Another problem with the article is its suggestion that ‘the fact that teachers on average are much younger in Britain than elsewhere makes the fact that they are paid so much even less justifiable’ – In reality a better interpretation might be – ‘teaching in Britain is especially demanding and thus relatively well paid. The fact that it is so demanding is the reason why teaching careers are relatively short and teachers are much younger in Britain than elsewhere.’

All in all I think UK teachers’ higher salaries are justified and that the Torygraph is best ignored.

20 teenagers sitting in a room

This isn’t a particularly informative post, more of a spontaneous expression of an epiphany moment (although one without the elation).

The epiphany comes in the form of a question – Is there any worse way of getting teenagers to concentrate than sitting them in a room with 19 other teenagers and one adult for four and a half hours a day?

I mean I know the typical day at school or college, for most kids at least, will be broken up with more active lessons such as sport and music, but the standard model is 20 teenagers in a room with one adult.

This just seems ridiculous – Assuming an hour and half lesson, it’s too large a number for the teacher to engage with one on one in any meaningful way, it’s too many for everyone to have a meaningful input into a ‘whole class discussion’, so teachers are left reverting to either individual work where not everyone gets monitored, or pair/ group work where some students inevitably lose focus, and if you are going to go against ‘fairyland Ofsted’s’ advice, and do the dreaded lecture – well 20 is an equally pointless number, you may as well film it and stream it to 20 000.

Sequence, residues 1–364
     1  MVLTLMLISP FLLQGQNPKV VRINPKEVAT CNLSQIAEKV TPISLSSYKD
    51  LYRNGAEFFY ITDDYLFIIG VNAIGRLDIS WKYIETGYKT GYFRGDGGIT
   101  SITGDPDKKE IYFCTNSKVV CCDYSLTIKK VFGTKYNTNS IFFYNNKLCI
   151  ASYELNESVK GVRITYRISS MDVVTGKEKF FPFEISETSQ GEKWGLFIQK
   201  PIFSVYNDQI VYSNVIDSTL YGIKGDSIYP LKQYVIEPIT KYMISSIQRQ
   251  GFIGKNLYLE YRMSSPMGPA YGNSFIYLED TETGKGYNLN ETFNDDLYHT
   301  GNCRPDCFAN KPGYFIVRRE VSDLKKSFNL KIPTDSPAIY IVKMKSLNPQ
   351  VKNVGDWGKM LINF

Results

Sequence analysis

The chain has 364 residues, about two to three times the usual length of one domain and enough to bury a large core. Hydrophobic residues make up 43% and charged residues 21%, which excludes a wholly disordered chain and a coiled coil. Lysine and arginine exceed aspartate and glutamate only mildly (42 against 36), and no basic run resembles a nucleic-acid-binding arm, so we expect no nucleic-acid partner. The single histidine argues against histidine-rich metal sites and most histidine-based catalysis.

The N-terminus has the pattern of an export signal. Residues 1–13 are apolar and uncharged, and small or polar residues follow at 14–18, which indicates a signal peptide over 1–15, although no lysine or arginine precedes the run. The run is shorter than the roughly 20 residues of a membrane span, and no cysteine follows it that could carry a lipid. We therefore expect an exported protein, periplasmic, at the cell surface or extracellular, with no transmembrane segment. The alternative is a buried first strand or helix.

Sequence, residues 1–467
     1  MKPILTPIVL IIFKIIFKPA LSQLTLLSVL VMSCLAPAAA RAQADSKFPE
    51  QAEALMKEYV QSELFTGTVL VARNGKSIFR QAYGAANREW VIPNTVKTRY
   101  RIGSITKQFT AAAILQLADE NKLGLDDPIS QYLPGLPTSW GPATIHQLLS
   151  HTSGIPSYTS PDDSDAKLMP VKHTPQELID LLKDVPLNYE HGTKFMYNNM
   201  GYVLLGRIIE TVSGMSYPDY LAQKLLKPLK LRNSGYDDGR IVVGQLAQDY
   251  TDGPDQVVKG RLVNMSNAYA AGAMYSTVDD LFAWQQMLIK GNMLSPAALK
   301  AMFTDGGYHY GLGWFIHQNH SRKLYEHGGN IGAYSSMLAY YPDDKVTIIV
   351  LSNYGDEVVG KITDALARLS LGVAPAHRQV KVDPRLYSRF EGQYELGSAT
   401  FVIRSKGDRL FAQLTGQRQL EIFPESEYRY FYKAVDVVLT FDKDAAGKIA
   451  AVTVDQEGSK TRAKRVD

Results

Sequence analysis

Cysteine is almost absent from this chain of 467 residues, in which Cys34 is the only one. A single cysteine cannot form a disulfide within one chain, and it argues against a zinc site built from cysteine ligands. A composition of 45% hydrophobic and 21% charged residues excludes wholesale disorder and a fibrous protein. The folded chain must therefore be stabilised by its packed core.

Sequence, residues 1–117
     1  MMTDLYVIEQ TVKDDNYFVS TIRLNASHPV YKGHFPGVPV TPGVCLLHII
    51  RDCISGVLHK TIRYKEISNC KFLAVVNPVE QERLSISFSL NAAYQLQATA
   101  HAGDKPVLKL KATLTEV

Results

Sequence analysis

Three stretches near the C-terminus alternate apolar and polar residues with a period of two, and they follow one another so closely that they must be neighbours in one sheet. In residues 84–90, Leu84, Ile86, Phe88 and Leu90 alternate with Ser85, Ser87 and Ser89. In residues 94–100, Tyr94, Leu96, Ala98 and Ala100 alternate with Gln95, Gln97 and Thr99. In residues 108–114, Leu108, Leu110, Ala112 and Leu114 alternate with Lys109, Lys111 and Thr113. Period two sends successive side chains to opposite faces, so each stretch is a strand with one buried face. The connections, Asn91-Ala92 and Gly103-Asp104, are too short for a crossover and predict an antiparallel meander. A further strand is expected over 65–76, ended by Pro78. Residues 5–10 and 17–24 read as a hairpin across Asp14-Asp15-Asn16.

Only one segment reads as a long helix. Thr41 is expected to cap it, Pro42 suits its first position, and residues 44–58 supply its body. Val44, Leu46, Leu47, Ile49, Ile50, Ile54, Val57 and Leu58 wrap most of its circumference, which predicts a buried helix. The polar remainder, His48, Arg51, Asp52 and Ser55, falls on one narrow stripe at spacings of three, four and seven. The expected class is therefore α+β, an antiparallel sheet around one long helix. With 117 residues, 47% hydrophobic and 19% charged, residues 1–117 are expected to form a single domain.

The days of 20 teenagers sitting in a classroom must surely come to and end soon? Surely it’s possible for schools and especially colleges to be a little more creative with teaching arrangements – A combination of online lectures and independent learning combined with more intense, tailored, smaller group sessions and occasional one on one meetings with students where they spend less time sitting in class, but where they get more focused attention and thus more focused working when they are in lessons …. Maybe>?

A related question is where did the educational norm of ’20 teenagers sitting in a room’m actually come from anyway, and how did it evolve? Answers in comments please.

So if my Beacon ‘best 6th form college’ in the country doesn’t actually innovate like it’s supposed to, perhaps I’ll forge this path at the institutional level,  perhaps one day, a year or so before I quit in case it all goes pear shaped, I’ll break all the rules and just do this anyway.